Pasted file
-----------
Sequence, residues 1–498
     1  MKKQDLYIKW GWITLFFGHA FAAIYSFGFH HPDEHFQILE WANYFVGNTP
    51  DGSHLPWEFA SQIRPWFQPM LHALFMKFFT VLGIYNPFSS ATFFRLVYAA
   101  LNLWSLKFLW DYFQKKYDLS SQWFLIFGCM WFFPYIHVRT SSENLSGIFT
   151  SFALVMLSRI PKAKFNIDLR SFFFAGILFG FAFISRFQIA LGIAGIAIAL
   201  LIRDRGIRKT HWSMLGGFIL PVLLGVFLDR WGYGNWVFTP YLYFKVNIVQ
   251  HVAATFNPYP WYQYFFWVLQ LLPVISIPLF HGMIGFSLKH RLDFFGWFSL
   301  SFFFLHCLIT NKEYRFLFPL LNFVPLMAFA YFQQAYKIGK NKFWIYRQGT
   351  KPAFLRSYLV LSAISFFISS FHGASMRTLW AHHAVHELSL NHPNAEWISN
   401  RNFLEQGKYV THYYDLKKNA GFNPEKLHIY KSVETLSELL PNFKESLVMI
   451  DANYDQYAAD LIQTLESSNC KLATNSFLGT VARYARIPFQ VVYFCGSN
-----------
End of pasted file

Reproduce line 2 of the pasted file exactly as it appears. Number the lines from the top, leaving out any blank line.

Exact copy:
     1  MKKQDLYIKW GWITLFFGHA FAAIYSFGFH HPDEHFQILE WANYFVGNTP